A small hospital in a coastal North Carolina community will close its doors within months and its parent company says Gov. Pat McCrory’s (R) decision not to expand Medicaid under President Barack Obama’s health care reform law is partly to blame.
Vidant Health, a nonprofit 10-hospital network, will shutter the 49-bed Vidant Pungo Hospital in Belhaven, about an hour’s drive east of the chain’s Greenville headquarters, within six months, the company announced this week. Other considerations, including outdated facilities, also led to the company’s decision to close the hospital but North Carolina foregoing the Medicaid expansion contributed to the decision, Vidant Health CEO David Herman told The Huffington Post.
North Carolina is one of 26 states where Republican governors or state legislators have rejected the Medicaid expansion. The expansion is intended to provide health benefits to anyone who makes up to 133 percent of the federal poverty level, which is $15,282 for a single person this year.
As a result, the states will turn down billions of federal dollars and millions of poor residents in these states will remain uninsured even after Obamacare’s coverage expansion takes full effect next year.
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McCrory signed legislation in March blocking the Medicaid expansion and the creation of a state-run health insurance exchange in North Carolina, citing cost and other factors.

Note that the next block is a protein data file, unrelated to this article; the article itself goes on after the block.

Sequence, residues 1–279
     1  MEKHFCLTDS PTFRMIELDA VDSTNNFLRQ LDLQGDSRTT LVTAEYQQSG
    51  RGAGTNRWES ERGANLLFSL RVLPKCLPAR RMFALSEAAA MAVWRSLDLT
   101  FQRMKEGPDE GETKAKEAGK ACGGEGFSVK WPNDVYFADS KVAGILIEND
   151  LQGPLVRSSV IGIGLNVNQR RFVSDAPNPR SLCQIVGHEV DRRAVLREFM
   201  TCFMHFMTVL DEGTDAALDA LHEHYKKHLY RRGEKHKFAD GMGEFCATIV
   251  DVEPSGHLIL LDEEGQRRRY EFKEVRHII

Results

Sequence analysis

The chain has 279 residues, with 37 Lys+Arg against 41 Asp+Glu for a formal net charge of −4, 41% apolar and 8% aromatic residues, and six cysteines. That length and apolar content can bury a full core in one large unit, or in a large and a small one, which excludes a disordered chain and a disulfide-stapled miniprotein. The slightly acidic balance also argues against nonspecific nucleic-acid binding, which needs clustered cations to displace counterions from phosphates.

The hospital industry nationwide has lobbied state lawmakers and governors to adopt the Medicaid expansion as a way to reduce the burden of medical bills that go unpaid when poor patients can’t afford their treatments. Nationally, hospitals provided $41.1 billion in so-called uncompensated care in 2011, according to the most recent data from the American Hospital Association.
The issue is more urgent for hospitals because the health care reform law partially finances the Medicaid expansion and other new spending by reducing current funding streams for hospitals that treat large numbers of poor and uninsured patients, Herman said. Vidant Health’s uncompensated care tab was $159 million in 2012, equal to about 10 percent of the company’s revenue, he said. North Carolina hospitals will lose out on more than $5 billion in federal funding over the next 10 years, he said.
Date: September 6, 2013